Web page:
American RadioWorks |
boots-to-books

From Boots to Books

The longest war in American history is drawing to a close. Now, the men and women who served are coming home, and many hope to use higher education to build new, better lives. They have help from the Post-9/11 GI Bill, a piece of legislation that many advocates say offers more support to returning veterans than any policy since the original GI Bill of 1944. In this documentary, we explore how the first GI Bill revolutionized the lives of millions of young veterans, America’s institutions of higher education, and American society at large. But America’s economic and academic systems have changed, and veterans today are returning to a very different reality than their predecessors.

Recent Posts

  • 09.03.15

    The history of the GI Bill

    A staggering 16 million soldiers returned home from World War II, and millions of them went to school. Because GI Bill benefits were generous enough to pay for any college in the country, veterans flooded all types of institutions, from elite schools like Harvard to large state schools, to vocational schools. By 1947, half of all college students in America were veterans.
  • 09.03.15

    The front lines of the long journey home

    Colleges and universities have become the front lines of one of the great challenges posed by war: how to reintegrate the people who've served.
  • 09.03.15

    The GI Bill: One of the last great economic ladders?

    The Post-9/11 GI Bill was supposed to change where veterans could go to college by giving them more money, and, therefore, more options. But since the new bill went into effect in 2009, the percentage of veterans enrolling at four-year public and private nonprofit schools has barely budged.
  • 08.27.15

    A different approach to teacher learning: Lesson study

    In the United States, we tend to think that improving education is about improving teachers - recruiting better ones, firing bad ones. But the Japanese think about improving teaching. It's a very different idea.

American RadioWorks |
boots-to-books

From Boots to Books

The longest war in American history is drawing to a close. Now, the men and women who served are coming home, and many hope to use higher education to build new, better lives. They have help from the Post-9/11 GI Bill, a piece of legislation that many advocates say offers more support to returning veterans than any policy since the original GI Bill of 1944. In this documentary, we explore how the first GI Bill revolutionized the lives of millions of young veterans, America’s institutions of higher education, and American society at large. But America’s economic and academic systems have changed, and veterans today are returning to a very different reality than their predecessors.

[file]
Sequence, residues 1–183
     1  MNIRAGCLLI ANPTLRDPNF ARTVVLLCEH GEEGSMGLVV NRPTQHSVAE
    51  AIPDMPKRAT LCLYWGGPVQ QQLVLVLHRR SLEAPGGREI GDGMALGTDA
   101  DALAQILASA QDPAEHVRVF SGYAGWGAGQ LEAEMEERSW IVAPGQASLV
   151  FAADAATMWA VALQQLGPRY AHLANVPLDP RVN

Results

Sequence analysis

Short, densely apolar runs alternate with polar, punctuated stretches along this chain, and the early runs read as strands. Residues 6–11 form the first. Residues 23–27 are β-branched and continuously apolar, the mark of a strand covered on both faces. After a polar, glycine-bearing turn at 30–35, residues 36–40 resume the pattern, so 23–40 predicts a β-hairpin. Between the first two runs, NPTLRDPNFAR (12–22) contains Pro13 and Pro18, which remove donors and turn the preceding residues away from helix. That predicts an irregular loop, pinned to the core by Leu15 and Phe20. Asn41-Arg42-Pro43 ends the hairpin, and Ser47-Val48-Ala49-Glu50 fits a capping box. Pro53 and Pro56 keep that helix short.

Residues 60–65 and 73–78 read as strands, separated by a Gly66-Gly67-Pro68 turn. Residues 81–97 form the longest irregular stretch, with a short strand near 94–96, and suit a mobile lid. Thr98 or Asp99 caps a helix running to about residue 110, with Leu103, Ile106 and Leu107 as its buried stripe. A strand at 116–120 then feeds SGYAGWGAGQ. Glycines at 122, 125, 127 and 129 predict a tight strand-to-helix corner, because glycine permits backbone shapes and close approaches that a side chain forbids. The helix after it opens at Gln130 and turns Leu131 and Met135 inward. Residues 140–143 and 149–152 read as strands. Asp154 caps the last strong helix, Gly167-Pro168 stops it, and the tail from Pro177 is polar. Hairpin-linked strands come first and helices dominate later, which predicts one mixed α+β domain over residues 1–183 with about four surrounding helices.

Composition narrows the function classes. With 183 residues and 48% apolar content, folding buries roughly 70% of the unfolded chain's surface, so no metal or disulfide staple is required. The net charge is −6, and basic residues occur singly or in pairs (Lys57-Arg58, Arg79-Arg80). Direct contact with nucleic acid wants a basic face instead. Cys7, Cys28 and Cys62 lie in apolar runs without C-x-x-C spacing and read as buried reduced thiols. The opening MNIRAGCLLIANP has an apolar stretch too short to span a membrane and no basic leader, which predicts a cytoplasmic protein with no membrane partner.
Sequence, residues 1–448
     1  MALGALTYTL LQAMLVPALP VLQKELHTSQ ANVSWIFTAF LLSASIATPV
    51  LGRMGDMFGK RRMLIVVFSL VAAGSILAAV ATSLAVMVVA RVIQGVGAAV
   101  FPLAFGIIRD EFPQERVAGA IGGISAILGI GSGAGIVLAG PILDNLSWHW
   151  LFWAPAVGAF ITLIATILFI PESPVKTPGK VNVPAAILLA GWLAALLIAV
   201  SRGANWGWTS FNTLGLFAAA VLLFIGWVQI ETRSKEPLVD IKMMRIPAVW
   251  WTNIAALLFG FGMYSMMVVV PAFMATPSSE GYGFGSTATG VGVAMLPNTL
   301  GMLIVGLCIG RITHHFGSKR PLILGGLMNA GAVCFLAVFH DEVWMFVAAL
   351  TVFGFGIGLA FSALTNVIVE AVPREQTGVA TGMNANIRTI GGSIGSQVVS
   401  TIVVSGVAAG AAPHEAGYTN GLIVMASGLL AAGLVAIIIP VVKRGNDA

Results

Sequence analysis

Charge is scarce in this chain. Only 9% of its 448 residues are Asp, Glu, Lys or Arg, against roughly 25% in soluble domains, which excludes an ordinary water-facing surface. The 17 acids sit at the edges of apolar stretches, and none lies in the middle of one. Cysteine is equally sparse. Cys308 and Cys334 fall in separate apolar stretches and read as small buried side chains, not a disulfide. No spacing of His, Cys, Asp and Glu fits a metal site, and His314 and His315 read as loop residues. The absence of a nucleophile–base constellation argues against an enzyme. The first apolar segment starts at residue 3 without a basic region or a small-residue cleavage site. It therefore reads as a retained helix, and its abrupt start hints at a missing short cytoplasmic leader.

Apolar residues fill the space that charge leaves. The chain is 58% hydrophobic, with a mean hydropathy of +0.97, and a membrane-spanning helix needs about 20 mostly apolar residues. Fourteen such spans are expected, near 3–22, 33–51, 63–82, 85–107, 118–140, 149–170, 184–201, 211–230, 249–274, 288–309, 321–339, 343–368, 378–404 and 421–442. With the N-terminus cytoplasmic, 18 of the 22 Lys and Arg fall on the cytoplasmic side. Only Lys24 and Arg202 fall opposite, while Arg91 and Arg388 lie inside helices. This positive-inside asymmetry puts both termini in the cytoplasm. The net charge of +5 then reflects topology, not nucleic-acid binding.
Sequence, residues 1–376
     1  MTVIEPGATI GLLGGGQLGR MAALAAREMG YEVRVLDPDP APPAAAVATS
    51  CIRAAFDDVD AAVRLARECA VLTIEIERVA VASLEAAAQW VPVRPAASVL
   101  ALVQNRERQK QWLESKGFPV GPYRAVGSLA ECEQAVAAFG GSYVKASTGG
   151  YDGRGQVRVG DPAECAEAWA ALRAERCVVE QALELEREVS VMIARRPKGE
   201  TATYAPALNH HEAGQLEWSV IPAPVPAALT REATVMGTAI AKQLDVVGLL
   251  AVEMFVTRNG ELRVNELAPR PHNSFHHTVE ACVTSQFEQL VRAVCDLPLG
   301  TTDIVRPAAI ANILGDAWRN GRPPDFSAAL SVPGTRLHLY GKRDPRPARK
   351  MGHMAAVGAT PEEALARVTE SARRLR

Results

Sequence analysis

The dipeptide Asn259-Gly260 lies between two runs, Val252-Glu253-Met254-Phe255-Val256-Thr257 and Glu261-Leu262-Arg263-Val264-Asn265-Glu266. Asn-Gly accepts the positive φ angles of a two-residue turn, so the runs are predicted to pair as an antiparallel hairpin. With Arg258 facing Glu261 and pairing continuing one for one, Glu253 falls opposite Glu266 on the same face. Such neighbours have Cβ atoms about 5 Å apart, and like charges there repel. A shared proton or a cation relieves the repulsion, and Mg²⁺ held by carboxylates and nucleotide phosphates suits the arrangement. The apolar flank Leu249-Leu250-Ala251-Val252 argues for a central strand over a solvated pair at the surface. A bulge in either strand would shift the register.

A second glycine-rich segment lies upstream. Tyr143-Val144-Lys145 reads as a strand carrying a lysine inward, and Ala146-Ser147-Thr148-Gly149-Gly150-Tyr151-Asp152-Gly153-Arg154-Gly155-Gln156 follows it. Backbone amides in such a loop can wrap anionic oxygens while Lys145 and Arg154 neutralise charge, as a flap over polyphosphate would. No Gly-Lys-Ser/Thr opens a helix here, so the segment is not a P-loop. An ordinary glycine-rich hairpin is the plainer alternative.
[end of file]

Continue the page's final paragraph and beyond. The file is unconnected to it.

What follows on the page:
Recent Posts

  • 09.03.15

    The history of the GI Bill

    A staggering 16 million soldiers returned home from World War II, and millions of them went to school. Because GI Bill benefits were generous enough to pay for any college in the country, veterans flooded all types of institutions, from elite schools like Harvard to large state schools, to vocational schools. By 1947, half of all college students in America were veterans.
  • 09.03.15

    The front lines of the long journey home

    Colleges and universities have become the front lines of one of the great challenges posed by war: how to reintegrate the people who've served.
  • 09.03.15

    The GI Bill: One of the last great economic ladders?

    The Post-9/11 GI Bill was supposed to change where veterans could go to college by giving them more money, and, therefore, more options. But since the new bill went into effect in 2009, the percentage of veterans enrolling at four-year public and private nonprofit schools has barely budged.
  • 08.27.15

    A different approach to teacher learning: Lesson study

    In the United States, we tend to think that improving education is about improving teachers - recruiting better ones, firing bad ones. But the Japanese think about improving teaching. It's a very different idea.

Back to The Data

Trips by*

Richard Perry


Total cost of 16 trips: $43,134.42


Trips traveled under the office of Lindsey Graham

Destination: CHARLOTTESVILLE, VA
Sponsor: Mercatus Center at George Mason University
Purpose: CONFERENCE TO STUDY HOW MARKET PROCESSES AFFECT POLICY DECISION IN THEENVIRONMENT, TAXES, LABOR REGULATIONS
Date: Jan 20, 2000 (2 days)
Expense: $454.00
source

Destination: MIAMI, FL - CUBA
Sponsor: Airline Brokers Co
Purpose: TO INVESTIGATE THE IMPACT OF THE FOREIGN ASSISTANCE ACT AND THE HELMS-BURTON ACT ON TRADE, HEALTH, TOURISM AND POLITICAL & RELIGIONS FREEDOM IN CUBA
Date: Apr 14, 2000 (3 days)
Expense: $887.00
source

Destination: REDMOND, WA, SEATTLE, WA
Sponsor: Microsoft Corporation
Purpose: LEARN FIRSTHAND ABOUT INTERNET PRIVACY, NEW WEB & SOFTWARE TECHNOLOGY, ETC
Date: Jul 6, 2000 (3 days)
Expense: $2,005.19
source

Destination: LITHUANIA - KANSAS - KLEIPEDA
Sponsor: Potomac Foundation